A Sermon for the Feast of the Pentecost–May 31, 2020 The Rev. Warren Hicks

A Sermon for Day of Pentecost
May 31, 2020—The Rev. Warren Hicks
Year A
After not speaking to you from this space in some 12 weeks, or 84 days, or 2032 hours, and roughly 125,000 minutes, I’m back where I feel like I belong.
I suspect that, like me, you all might take some comfort in seeing worship happen in a space consecrated for that express and specific purpose. That being said, we all know that something is missing. Or, more accurately, someone is missing. In fact, there are a passel of somones missing. Who knows who ‘they’ are?
We know who we are and, I hope, by the time I’ve finishing this sermon our curiosity about and care for ‘whoever they are’ might be whetted and kindled, respectively.
Further I hope you will begin to understand Pentecost in a fresh way and help it take its rightful place alongside Christmas and Easter as one of the three major feasts of the Church Year.
As I see it, today is an important, symbolic step in us getting back to are more regular and recognizable way of doing worship and being in the world. These two main areas both represent ways in which we respond to God’s action in the world and, correspondingly make that response matter for the work of building/revealing/restoring the Kingdom of God.
The creation is indeed ongoing and by virtue of our baptism you and I have not only been invited into the mission of God but we have been co-missioned with God to participate in the co-creation of the Kingdom of God which is central to God’s vision for the New Jerusalem where the lion and the lamb lie down together and the child plays over the adder’s nest.
Whether we are preparing to resume in person worship or resume our feeding and outreach ministries, I believe it is important for us to accept that we are not going back to ‘business as usual’ on a number of different fronts.
The details of the practical steps we will be required to take before being allowed to return to in person services is not yet specific, but we can be assured it will call for major adjustments to the worship experience.
Likewise, the fate of CAST for the coming year is an open question. The same is true of the AIDS cook in. Cooking for the day shelter has been placed on hold. Community groups accustomed to our hospitality have been impacted.
This does not mean, however, that we have been dormant. We have hosted blood drives, a food ingathering, Taco Tuesday and actually expanded our participation in Meals on Wheels deliveries over these last 12 weeks.
As we begin to be present to one another in all of the places in which we live and move and have our being let us be mindful of this important question;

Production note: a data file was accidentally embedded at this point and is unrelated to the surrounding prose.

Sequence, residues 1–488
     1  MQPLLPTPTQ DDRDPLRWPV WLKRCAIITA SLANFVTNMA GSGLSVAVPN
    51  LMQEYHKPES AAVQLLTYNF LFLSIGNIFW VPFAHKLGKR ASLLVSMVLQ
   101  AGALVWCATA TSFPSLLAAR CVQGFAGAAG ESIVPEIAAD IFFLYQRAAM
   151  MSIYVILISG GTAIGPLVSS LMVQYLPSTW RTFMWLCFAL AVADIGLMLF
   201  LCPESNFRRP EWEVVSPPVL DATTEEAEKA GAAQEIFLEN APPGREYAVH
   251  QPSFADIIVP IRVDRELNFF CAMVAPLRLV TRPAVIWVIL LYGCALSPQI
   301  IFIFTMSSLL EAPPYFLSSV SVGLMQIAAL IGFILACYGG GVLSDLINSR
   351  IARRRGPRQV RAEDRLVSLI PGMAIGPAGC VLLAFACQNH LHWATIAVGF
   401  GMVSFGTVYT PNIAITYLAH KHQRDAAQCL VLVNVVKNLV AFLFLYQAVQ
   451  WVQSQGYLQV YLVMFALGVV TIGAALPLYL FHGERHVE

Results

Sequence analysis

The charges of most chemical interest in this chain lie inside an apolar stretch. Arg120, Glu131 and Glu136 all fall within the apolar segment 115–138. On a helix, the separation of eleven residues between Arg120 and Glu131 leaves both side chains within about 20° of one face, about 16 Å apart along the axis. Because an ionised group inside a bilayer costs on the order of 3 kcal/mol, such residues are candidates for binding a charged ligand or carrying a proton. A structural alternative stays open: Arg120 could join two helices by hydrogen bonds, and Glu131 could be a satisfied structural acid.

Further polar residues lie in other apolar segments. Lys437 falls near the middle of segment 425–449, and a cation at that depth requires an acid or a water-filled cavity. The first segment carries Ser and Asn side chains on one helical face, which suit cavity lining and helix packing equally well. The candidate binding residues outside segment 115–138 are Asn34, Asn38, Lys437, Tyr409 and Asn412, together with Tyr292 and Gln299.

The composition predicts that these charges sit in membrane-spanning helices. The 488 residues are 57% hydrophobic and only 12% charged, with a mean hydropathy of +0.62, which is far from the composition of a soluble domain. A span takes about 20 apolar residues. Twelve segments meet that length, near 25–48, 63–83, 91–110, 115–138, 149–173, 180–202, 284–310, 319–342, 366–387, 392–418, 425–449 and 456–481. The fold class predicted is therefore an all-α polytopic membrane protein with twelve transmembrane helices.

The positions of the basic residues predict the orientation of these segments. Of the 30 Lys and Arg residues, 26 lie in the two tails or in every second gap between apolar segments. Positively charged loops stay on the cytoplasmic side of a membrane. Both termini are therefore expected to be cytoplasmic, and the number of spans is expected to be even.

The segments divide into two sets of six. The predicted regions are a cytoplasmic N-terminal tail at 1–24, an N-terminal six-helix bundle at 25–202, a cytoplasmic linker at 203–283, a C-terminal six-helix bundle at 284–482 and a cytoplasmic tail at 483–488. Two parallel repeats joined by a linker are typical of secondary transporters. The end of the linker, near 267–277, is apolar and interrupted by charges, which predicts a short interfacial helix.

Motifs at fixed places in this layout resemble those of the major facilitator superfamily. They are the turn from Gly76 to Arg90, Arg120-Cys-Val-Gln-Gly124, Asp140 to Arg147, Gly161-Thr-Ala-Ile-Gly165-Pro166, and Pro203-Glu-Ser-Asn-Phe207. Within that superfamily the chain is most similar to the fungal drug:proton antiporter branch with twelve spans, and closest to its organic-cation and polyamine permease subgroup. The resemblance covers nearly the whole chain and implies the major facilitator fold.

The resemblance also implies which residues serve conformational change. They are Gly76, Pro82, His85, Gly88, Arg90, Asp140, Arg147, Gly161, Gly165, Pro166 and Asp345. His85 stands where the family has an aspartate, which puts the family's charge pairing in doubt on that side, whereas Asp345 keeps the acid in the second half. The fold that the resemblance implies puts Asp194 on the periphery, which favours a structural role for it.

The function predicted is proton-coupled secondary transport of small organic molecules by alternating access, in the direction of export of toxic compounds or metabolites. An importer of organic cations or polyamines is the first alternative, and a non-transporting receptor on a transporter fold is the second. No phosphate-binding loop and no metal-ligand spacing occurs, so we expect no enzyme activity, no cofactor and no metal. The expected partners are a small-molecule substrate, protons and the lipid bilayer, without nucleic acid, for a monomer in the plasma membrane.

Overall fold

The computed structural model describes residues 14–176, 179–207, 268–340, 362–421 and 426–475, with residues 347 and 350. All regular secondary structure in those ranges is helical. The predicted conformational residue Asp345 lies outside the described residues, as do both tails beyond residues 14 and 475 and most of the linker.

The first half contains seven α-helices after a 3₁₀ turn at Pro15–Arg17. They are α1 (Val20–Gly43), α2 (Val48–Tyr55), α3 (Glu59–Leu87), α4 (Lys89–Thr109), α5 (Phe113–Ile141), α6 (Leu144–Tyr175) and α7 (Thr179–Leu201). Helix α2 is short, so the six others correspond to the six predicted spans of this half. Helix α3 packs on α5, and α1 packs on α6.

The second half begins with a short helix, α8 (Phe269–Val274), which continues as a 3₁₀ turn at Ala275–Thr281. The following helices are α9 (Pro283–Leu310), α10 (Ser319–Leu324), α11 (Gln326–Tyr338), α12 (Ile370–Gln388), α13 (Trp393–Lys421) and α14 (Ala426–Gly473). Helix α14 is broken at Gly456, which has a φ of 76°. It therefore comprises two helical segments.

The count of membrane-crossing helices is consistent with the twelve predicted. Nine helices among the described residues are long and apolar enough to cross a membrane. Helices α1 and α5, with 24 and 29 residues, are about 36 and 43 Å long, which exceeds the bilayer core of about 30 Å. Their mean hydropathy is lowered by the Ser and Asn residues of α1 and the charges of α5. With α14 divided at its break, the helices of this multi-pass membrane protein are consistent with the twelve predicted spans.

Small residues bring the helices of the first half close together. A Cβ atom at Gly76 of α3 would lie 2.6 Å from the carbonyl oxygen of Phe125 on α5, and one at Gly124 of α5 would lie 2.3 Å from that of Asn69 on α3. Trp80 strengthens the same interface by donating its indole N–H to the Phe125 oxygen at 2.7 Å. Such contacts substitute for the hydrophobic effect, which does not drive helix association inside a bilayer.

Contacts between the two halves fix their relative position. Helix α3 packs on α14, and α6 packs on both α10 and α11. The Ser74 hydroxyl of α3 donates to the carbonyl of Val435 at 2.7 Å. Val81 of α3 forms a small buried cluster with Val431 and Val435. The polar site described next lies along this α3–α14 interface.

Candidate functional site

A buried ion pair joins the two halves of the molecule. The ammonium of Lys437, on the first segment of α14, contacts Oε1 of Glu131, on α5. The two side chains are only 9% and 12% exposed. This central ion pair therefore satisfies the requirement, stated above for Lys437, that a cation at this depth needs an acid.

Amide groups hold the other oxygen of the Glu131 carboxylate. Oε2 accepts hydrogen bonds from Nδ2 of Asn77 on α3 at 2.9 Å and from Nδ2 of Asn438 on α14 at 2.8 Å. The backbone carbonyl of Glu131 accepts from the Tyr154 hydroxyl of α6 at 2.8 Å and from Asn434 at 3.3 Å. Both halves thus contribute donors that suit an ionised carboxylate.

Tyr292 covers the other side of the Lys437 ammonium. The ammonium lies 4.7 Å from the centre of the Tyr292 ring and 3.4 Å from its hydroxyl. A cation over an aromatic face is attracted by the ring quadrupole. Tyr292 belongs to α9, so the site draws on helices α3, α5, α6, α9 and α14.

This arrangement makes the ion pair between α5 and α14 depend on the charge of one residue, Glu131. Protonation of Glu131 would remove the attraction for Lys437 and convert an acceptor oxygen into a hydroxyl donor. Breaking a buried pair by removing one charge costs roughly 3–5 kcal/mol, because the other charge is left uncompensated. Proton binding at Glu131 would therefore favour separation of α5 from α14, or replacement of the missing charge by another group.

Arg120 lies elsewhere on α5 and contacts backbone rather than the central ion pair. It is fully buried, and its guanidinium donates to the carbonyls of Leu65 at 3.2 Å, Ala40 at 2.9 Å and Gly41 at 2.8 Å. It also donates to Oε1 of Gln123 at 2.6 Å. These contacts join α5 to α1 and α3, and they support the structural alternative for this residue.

“How do we, as the Body of Christ here in Chesapeake, go about re-inhabiting this changed landscape in the building at worship and outside in servant ministry?”
It is to be expected that the pendulum will swing from how we live out God’s Mission at worship and how we live out God’s Mission as we engage the needs, concerns and hopes of the world around us in God’s Name. As we move from one to another and in between the metaphor of dancing comes to mind.
This kind of dance, like many others, requires willing, gracious and forgiving partners. It also requires knowing when to lead and when to follow.
As we engage in our spiritual practices at worship, in providing and receiving pastoral care, at prayer, through study, relationship and stewardship I cannot help but be hopeful, eager and a bit anxious (if I’m going to be honest) about what is in store for us next. If we take our leads well, lead when it best suits the dance, listen well and learn from those who appear different than we are then we will have new learned a new step in the dance of our lives here on earth.
The one thing upon which I lean unreservedly is my faith that God will be there with us every step of the way. To rephrase in a couple of ways, “leap and the net will appear” or “when the student is ready, the teacher will arrive” or maybe most importantly, “speak LORD, your servant is listening.”
We must relearn the practice of both/and thinking in this all too either/or world if we are to have any chance of revealing anything except our own biases and desires, whatever they may be, to a world that has become jaded to the dissonant words and actions of many in the name of Christ. At the same time, we must repent of the times in which we have failed to speak out in the face of injustice and oppression and commit ourselves afresh to being the irrepressible force that our Presiding Bishop Michael Curry continues call “The Way of Love” To put it in the language of recovery, “our best thinking has gotten us here, what we need is a change of heart and a good brainwashing.”
Too many of us, (including yours truly) walk about with hard hearts and cluttered brains that could use a good softening and a little tidying up. That is precisely the work of the Way of Love.